What has emerged in the last decade as IT/OT best practice is hardware-enforced unidirectional connections between control-critical and safety-critical networks. Standards are recommending this, and in some jurisdictions and some industries, the law demands it. In many countries it is illegal to connect control-critical or safety-critical networks to business-critical networks through only layers of firewalls. Unhackable Unidirectional Gateways are the safe way to bridge those criticality gaps.
Andrew: Waterfall is expanding rapidly, world-wide. Last year we opened offices in the Emirates and Singapore, and we are opening more offices this year. The Middle East especially has a lot of highly-automated, very critical oil & gas infrastructures and Waterfall is seeing a lot of those infrastructures deploying unidirectional protection against those nation-state-style attacks that today’s ransomware groups and other groups are carrying out.
Andrew: We are speaking at GISEC. We have a booth there and will be doing mini-presentations out of our booth as well. We are working to introduce GISEC participants to our technology and to these OT security concepts that many IT security practitioners are only beginning to come to grips with. And we are using the opportunity of our executives being in the region to hold seminars and other kinds of meetings with important local decision-makers.
Andrew: I can give you some examples, but in a sense that’s a hard question. I mean – imagine a spring-loaded pressure-relief valve on a boiler. If the boiler pressure gets too high, the valve is forced open, the pressure is released, and there is no explosion. How many cyber attacks did that valve prevent? Well, it’s hard to tell – there is no CPU in the valve. No cyber attack is even possible against the valve.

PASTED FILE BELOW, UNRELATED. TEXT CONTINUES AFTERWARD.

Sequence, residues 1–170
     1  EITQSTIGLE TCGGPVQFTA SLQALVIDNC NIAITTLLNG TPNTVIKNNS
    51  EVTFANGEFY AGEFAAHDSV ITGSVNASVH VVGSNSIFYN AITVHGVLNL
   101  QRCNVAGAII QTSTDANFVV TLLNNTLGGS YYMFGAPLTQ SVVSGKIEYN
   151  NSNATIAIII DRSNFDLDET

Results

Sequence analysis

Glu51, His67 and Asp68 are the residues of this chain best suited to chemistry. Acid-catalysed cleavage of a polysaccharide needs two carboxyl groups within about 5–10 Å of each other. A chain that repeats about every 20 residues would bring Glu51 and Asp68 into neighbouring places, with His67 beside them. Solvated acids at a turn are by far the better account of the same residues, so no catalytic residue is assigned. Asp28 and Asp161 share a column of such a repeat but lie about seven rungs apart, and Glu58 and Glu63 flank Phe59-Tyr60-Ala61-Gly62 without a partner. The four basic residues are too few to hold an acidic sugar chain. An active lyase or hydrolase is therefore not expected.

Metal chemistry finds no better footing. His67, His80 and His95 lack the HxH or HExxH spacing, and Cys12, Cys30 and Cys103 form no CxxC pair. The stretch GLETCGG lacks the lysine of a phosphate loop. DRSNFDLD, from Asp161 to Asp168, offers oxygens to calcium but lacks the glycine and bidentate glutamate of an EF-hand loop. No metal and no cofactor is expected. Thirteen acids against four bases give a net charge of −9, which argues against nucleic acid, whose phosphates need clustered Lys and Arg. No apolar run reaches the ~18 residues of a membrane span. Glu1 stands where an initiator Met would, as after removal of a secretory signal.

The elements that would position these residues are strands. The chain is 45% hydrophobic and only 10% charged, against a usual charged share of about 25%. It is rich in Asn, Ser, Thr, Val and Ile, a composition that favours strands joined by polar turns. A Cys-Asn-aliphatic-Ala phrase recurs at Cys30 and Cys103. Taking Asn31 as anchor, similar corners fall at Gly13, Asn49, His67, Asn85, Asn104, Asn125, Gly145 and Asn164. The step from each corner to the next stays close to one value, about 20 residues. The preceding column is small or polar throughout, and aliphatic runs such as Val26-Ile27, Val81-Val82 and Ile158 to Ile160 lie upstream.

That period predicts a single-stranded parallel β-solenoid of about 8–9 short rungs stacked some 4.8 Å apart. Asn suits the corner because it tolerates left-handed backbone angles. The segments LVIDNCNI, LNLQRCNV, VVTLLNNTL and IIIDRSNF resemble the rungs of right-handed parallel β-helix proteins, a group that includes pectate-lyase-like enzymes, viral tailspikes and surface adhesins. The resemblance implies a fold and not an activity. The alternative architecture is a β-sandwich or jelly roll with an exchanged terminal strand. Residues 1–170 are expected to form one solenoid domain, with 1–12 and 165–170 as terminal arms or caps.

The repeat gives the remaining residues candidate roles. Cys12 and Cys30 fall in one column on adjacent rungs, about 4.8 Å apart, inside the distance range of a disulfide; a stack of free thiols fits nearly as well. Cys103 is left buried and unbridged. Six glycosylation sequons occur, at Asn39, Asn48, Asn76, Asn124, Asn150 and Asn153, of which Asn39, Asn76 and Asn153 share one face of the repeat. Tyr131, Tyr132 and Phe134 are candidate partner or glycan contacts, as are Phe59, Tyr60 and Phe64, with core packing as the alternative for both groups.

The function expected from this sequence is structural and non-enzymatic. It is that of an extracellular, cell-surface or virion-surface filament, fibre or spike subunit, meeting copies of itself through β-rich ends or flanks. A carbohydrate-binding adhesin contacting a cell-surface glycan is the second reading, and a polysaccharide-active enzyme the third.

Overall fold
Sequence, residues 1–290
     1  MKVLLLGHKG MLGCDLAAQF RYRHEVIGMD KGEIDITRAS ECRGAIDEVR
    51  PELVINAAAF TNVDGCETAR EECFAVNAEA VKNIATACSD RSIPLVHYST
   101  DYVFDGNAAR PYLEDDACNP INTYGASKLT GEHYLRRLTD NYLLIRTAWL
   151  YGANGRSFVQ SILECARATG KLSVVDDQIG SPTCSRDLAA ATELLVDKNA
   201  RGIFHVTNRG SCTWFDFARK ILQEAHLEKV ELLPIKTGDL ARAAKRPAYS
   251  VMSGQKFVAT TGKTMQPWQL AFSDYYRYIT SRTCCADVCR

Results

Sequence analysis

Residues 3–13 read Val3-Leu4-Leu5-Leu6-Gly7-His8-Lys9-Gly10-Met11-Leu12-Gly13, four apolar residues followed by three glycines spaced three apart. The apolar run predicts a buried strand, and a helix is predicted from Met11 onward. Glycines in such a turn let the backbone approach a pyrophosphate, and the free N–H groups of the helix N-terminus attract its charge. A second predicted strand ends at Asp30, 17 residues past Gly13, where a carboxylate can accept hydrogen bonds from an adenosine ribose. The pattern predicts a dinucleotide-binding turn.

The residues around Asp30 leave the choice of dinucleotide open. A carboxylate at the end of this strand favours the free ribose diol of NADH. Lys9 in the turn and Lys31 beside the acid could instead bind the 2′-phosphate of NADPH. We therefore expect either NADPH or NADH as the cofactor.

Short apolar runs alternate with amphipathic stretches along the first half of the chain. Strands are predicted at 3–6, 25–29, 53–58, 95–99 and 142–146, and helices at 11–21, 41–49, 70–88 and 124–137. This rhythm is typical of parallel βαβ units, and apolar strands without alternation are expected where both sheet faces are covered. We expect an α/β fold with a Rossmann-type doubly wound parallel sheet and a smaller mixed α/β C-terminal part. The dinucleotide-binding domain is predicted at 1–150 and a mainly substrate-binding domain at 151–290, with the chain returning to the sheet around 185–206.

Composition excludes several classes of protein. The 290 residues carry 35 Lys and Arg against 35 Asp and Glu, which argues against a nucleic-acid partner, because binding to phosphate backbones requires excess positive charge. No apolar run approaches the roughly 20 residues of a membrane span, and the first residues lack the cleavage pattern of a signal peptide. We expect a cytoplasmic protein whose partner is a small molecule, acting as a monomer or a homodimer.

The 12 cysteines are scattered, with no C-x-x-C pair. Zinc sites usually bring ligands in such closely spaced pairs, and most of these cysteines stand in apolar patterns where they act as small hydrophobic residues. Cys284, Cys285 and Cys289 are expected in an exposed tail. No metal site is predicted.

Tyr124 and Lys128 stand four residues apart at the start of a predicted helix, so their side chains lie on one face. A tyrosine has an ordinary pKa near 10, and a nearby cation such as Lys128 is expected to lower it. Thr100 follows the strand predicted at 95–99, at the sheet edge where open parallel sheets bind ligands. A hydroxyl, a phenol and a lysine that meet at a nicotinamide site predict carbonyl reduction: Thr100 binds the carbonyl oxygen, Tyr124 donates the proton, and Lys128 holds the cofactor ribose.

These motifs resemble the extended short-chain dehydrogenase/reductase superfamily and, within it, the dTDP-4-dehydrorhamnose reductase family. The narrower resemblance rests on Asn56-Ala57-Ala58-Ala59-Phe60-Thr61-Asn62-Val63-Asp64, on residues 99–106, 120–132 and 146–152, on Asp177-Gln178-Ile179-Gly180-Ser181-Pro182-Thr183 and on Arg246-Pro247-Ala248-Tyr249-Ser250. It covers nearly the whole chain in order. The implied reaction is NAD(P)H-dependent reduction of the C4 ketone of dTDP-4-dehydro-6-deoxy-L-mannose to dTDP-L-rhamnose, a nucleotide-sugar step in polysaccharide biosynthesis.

Waterfall’s Unidirectional Security Gateways are the same thing. The one-way hardware is hardware. The hardware can send information from OT into IT networks to enable business automation, but the hardware is physically not able to send anything back into protected OT networks. There is no CPU in the hardware, and so like the spring-loaded valve, there is no way to attack the hardware. I mean, with a firewall, you can count dropped packets and come up with silly numbers like “well, I dropped a gazillion packets, so I must have defeated a gazillion attacks.” There’s really nothing to count in a Unidirectional Gateway.
But I promised you an example, so let me give you this one. Almost all OT outages in the last two years were the result of ransomware getting loose on IT networks and either leaking into OT networks, or otherwise impacting OT networks. Colonial Pipelines was like this, so was JBS meatpacking, and Sierra Wireless. Waterfall customers have also had their IT networks hit with ransomware – a major power producer in the USA and one of the world’s largest metro systems were hit recently.
But – those organizations had deployed Waterfall’s Unidirectional Security Gateways as the only connection between their OT and IT networks. In both cases, yes IT was crippled for about a week until everything could be erased and restored from backups. But during all that time, nothing leaked into OT. No hint of the attack could even leak into OT. The lights stayed on, and the metro kept running – safely – even though the IT networks were crippled.
So this is the point – ransomware attacks jump through firewalls every day. After all, every ransomware attack that gets into an IT network got past the IT-to-Internet firewall, didn’t it? It is unacceptable to have ransomware, or other cyber attacks, jump out of our IT networks into the OT networks that control safe and reliable physical operations. Modern businesses deploy at least one layer of Waterfall’s unhackable Unidirectional Security Gateways at this criticality boundary between OT/control networks and IT/business networks – because human lives, damaged equipment and lost production cannot be restored from backups.
To learn more, download the report Firewalls vs. Unidirectional Gateways at IT/OT Interfaces.